After the race with my good friend Wayne.

After the race with my good friend Wayne. I’m the one drenched in sweat on the left.

I ran a marathon on Saturday.  OK, it was only 5K, but for me it felt like a marathon.  The humidity was just short of stifling, the temperatures were in the 70s, and it was only 7 am.  On top of that, I was up until 1 am preparing for the launch of Athletic Scholarship University.

And on top of that … yes another “on top of that” statement, the course was a quarter-mile more than 5K!  I know because I had my running app on during the race.  Yeah, somebody had a sense of humor.

Despite all these things, I ran my best race in years!  Maybe it was because this was sea level and I live at 6,800 feet elevation.  I was mighty proud of my 8:55 miles, over 30 seconds ahead of my normal pace.  I was a gazelle.

Now let me draw a comparison to recruiting.  You’re running a marathon, not a 5K.  It can last years, and you need to be ready.  Here’s how you can train for your recruiting marathon.  And that’s how you need to look at it.

#1.  Mental preparation is key.  When I prepared for my 5K, I knew it was going to be warm and humid.  I knew the course was over 5K (I ran it last year).  So I was ready.  In the same way, you need to be mentally ready to run your recruiting course.  If you can anticipate as much as possible, then you’re ahead before you start.  Yes, there will be surprises, but prepare for things you know about in advance.

In recruiting, mentally prepare by going your homework on schools, programs and coaches.  Know in advance which schools are priorities for you.  Go online, make phone calls, place visits.  This is all part of the preparation you should do in order for the recruiting process to run as smooth as it can.  But do be ready for surprises.

#2.  Keep moving.  I was in pain after about the second mile.  But I was not going to quit.  In fact, if I had stopped to rest, I probably wouldn’t have continued.   When you’re pursuing your athletic scholarship, just keep moving, even when it seems painful.  Emotionally, psychologically, even physically.  The biggest reason, I believe, that athletes don’t get the scholarship they’re pursuing is that they stop along the way.  They just quit because it gets too hard.  They don’t see results.  They get discouraged.  Those are realities in this effort.  But– just keep moving!  It will pay off.  You’ll get through the hardest parts and receive your reward.  I’ve seen it over and over again.

#3.   Don’t let other people get you down.  I was ahead of my friend Tim in the race.  Until the last 200 years.  The creep passed me when I was coasting.  I tried to get the lead back at the end, but he heard my footsteps.  He won.  Barely.  I owe him next year.  I might note, though that he is 10 years younger than me.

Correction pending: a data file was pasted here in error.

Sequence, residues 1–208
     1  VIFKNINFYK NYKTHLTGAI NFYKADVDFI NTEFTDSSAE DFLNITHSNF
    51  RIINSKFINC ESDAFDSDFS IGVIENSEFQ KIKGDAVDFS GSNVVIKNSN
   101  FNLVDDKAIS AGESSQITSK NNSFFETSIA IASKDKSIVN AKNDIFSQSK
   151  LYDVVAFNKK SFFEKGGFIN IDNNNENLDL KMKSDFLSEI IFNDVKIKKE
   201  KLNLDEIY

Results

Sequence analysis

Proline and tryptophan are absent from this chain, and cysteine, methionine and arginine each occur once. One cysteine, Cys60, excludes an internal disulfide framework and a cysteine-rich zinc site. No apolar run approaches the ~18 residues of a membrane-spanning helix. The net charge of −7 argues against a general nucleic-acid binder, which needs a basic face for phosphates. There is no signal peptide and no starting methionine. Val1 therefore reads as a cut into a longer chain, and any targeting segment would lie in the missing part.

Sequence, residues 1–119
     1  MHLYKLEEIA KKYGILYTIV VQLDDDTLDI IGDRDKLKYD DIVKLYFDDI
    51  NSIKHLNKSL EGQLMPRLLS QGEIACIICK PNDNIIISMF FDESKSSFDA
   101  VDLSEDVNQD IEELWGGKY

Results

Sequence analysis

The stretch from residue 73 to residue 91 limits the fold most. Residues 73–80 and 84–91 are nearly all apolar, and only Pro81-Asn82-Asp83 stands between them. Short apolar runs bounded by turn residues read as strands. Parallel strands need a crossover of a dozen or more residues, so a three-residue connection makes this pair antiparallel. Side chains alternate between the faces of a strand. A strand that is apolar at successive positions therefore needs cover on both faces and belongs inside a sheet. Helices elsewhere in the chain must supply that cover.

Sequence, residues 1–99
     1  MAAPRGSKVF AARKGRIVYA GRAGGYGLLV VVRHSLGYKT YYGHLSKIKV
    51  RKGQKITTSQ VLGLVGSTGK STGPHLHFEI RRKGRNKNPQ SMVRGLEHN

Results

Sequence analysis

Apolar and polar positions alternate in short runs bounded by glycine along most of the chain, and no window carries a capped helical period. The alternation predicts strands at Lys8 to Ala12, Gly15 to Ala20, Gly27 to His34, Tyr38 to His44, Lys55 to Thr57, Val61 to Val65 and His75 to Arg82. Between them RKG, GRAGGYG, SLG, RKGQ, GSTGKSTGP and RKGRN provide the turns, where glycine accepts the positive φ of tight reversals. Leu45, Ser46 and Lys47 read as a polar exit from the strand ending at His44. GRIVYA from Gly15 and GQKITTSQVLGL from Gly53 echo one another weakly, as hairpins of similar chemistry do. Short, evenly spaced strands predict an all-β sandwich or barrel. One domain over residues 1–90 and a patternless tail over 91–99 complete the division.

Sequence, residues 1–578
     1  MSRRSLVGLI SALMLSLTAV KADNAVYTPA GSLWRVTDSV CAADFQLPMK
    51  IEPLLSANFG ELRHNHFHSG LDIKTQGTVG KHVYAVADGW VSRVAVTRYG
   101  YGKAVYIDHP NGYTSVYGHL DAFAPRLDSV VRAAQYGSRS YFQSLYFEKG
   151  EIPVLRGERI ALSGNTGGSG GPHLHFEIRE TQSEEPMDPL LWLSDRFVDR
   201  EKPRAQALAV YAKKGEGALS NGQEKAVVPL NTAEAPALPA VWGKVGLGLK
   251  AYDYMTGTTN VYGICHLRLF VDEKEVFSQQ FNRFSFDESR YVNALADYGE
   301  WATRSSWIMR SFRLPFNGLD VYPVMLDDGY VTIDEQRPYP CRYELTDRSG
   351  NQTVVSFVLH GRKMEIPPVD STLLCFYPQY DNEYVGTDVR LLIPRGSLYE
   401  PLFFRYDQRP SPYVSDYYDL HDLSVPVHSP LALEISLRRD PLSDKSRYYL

Did I let Tim’s effort get me down?  Yeah, for a few seconds.  But he actually woke me up and I gave more effort at the end than the rest of the race.  I gave everything I had in the last 50 yards.  Tim actually pushed me.

So the lesson here is that when someone gets you down, change your perspective and use the experience for the opposite effect.  Make it push you to excel.  In your sport and in your recruiting efforts.  If a friend gets a scholarship, congratulate him and raise your efforts to the next level.

#4.   Train.  I didn’t run a marathon, so it wasn’t like I had to train a lot for this race.  But I do run 3X a week, which helped me greatly.  And at 6,800 feet.  So, really, I did train.

You need to train for your recruiting pursuit, too.  Train by being diligent in contacting coaches, visiting schools, improving in your athletic performance (you need to keep getting better if you expect to compete at the next level), responding to coaches and providing updates and being faithful to do the recruiting basics right.  This is what I mean by training.

#5.   Make wise choices along the way.   When I ran my race, I had to decide how I would run it.  I didn’t blast out of the gate and I didn’t try to keep up with guys 30 years younger than me.  I would have died… literally!  I had to pace myself.  I had to decide how to run hills and when to lock into my pace.  I made decisions all along the way.

You, too, have choices all along the way to a scholarship. Not just the final school choice.  But choices like which camps to attend, which schools to visit, which programs to pursue, how to contact schools, and a myriad of other choices.  Wise choices are necessary.  You can’t just take a shotgun approach to this effort.  It needs to be planned and the best choices executed along the way.

Now drive this home.  How does your athletic effort and strategy parallel your recruiting effort?  What you learn in competition is directly applicable to your scholarship pursuit.  Think about it.  Talk about it as athlete and parent.  Have some good discussion.

Parents, help your student-athlete navigate the scholarship marathon.  Be there for him or her.  You’re the coach.

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